I will never forget the day as a young teacher of English at the Therfield Comprehensive School in Surrey in the early 1970s, when the headmaster selected me to represent the school at a conference for teachers of English to meet some of the leading English poets and study British poetry somewhere up North. I was thrilled, but also intimidated, when I learned on the first day that we all had to present one original poem of our own on the last day of the conference. I suddenly feared that as someone whose mother tongue is not English, but German, and as someone who had never written a single poem, I would be laughed out of court.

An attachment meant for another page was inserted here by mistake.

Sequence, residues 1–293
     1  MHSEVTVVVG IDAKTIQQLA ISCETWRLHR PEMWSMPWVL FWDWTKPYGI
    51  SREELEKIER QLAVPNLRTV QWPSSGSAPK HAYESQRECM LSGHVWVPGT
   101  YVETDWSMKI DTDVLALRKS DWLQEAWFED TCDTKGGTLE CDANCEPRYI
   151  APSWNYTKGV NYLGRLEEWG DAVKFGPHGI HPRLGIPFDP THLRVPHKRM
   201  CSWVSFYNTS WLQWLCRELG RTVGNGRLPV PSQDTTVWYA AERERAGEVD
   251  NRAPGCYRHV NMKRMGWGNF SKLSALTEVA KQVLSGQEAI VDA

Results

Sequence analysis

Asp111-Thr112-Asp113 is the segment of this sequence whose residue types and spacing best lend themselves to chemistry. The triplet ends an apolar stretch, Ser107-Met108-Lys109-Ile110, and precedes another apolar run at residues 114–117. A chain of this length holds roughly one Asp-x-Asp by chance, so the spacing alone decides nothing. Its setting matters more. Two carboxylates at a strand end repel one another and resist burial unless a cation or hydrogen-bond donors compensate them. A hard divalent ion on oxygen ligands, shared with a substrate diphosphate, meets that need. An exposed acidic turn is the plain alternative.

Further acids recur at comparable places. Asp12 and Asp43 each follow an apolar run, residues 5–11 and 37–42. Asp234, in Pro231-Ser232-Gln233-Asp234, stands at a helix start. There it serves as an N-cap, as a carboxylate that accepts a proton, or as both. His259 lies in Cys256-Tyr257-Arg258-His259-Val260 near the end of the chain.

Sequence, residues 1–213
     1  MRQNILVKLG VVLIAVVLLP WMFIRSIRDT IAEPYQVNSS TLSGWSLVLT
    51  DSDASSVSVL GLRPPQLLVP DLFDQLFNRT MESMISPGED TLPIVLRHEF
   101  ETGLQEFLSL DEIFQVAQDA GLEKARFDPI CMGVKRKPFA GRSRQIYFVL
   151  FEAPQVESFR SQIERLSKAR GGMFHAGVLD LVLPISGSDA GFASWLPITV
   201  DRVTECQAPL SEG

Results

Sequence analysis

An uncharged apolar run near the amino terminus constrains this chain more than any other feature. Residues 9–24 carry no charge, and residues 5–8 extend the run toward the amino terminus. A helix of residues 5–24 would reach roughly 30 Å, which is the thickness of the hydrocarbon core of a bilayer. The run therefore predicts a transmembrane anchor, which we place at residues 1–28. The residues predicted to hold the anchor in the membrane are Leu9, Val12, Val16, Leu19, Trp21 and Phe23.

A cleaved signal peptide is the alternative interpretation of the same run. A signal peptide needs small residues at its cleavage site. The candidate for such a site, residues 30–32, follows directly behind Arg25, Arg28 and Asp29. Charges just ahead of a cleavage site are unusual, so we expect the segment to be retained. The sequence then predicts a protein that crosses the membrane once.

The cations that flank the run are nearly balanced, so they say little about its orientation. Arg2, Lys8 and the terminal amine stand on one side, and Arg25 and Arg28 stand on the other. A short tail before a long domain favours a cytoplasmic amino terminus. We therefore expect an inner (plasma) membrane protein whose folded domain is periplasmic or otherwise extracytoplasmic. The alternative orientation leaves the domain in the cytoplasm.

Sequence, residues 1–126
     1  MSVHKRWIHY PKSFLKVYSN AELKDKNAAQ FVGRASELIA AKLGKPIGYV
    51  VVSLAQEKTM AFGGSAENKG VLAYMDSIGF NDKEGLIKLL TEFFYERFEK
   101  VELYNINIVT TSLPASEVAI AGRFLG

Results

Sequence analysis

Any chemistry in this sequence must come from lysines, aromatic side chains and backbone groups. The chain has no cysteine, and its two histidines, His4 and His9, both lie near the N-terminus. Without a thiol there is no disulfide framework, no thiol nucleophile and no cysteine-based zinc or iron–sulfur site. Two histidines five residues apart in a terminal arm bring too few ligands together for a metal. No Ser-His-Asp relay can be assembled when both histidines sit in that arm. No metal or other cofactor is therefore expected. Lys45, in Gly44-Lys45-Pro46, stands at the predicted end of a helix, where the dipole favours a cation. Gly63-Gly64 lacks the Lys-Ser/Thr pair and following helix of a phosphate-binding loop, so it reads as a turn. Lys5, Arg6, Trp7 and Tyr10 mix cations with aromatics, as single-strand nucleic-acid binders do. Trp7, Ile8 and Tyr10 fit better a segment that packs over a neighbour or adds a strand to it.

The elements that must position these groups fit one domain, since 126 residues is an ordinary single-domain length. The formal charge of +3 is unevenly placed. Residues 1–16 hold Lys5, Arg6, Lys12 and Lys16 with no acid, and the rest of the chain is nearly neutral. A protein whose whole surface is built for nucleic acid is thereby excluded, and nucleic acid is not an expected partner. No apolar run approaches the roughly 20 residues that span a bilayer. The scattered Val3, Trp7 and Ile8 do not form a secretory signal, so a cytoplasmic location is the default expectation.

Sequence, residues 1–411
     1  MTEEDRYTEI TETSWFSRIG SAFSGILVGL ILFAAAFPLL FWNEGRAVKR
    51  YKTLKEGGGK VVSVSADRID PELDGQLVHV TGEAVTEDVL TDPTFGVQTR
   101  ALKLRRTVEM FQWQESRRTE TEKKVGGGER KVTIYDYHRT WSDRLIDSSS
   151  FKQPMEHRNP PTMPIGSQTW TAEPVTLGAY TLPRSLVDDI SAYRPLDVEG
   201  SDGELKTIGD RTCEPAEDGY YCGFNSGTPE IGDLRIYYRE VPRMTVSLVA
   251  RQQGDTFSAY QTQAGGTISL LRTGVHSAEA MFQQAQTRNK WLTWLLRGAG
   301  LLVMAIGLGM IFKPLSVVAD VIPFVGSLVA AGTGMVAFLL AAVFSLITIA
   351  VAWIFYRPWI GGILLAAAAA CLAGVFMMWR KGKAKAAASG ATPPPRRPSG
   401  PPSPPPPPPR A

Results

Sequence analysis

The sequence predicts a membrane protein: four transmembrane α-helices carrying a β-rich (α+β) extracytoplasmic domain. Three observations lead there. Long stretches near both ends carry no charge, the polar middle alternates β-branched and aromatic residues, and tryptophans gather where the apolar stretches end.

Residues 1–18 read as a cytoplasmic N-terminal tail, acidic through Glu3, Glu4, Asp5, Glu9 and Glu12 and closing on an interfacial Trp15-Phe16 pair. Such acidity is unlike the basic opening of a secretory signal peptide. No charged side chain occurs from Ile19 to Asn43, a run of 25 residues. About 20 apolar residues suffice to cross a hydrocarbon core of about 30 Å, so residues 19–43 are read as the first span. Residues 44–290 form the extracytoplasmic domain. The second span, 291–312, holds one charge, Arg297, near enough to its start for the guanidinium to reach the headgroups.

I spent a whole week composing just one short stanza, working hours, often late into the night, rearranging the poetic furniture in my one-room poem. To my surprise, my very first poem was greeted not with laughter but with a long applause. From that moment onward, I felt like someone who had been scared of getting his toes wet but who now jumped into the sea at every opportunity possible.
Since then, I have written hundreds of poems wherever I lived, many of which were published, and I taught poetry in many countries with the enthusiasm of a swimmer who had won a championship. I also edited books of poetry, including one with linguistic poetry (University of Essex, 1977) for which Noam Chomsky wrote a forward.